First post, by digitalillusion
I wanted to play Fragile Allegiance with my brother on DOSBox. The game support multiplayer and we were able to start a game where either one of us was the server and the other the client using IPX.
However, after around ten minutes playing, the game of the client froze. I suspected it was due to UDP packet loss.
Infact IPX was designed to play on LAN. On an ethernet connection, there is no packet loss; but the internet is different.
My goal was to upgrade the IPX udp connection to rudp, or reliable UDP, or in other words Aeron: https://github.com/real-logic/aeron
I built a simple utility that performs the task of upgrading the connection, and we were able to finally finish a game.
For the moment, it is necessary to perform a port forward on both sides, but I'm looking into making it work through NAT traversal.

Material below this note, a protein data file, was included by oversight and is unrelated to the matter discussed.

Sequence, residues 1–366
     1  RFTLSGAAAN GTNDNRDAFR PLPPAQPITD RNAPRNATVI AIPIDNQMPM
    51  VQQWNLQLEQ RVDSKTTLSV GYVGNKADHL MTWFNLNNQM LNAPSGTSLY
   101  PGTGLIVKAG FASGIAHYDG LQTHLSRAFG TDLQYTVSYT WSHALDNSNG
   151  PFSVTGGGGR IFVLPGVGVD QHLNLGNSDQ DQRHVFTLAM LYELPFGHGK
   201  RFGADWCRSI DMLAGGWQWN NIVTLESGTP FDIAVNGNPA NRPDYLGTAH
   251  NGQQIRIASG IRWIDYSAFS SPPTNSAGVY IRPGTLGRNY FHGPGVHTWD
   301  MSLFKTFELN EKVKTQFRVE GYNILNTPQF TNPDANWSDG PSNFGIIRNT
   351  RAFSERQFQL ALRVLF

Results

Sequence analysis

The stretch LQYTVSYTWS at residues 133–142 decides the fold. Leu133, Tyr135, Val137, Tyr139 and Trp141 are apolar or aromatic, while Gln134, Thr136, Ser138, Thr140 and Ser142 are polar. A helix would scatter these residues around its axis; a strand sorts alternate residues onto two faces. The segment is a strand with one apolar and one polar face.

The project source code is available on my github: https://github.com/digitalillusion/rudp-tunnel
If anybody who is not technical is interested to try it out, I can provide compiled executables.
Using it is simple. First, both sides run the Aeron driver and ensure port 40123 is forwarded. Then, just run the tool before starting DOSBox on each side.
I paste here the example from my github repo; imagine to have the server on 18.104.22.168 and the client on 22.214.171.124
Start the server-side proxy, open a channel with the remote client and listen on the IPX server address (destination)
rudp-tunnel -r 126.96.36.199 -d 127.0.0.1:19900
Then, the client-side proxy opens a channel with the remote server on a given routing interface and listens to an IPX connection (origin)
rudp-tunnel -r 188.8.131.52 -i 192.168.1.208/8 -o 127.0.0.1:19901
Afterwards, IPXNET binds a server on the server side, inside DOSBox:
ipxnet startserver 19900
Finally, on the client side, IPXNET client (always inside DOSBox) connects to the tunneled IPXNET server:
ipxnet connect 127.0.0.1 19901
I did not test yet with more then 2 players, but I assume that it should work.
I hope that anyone can find this tool useful. Cheers!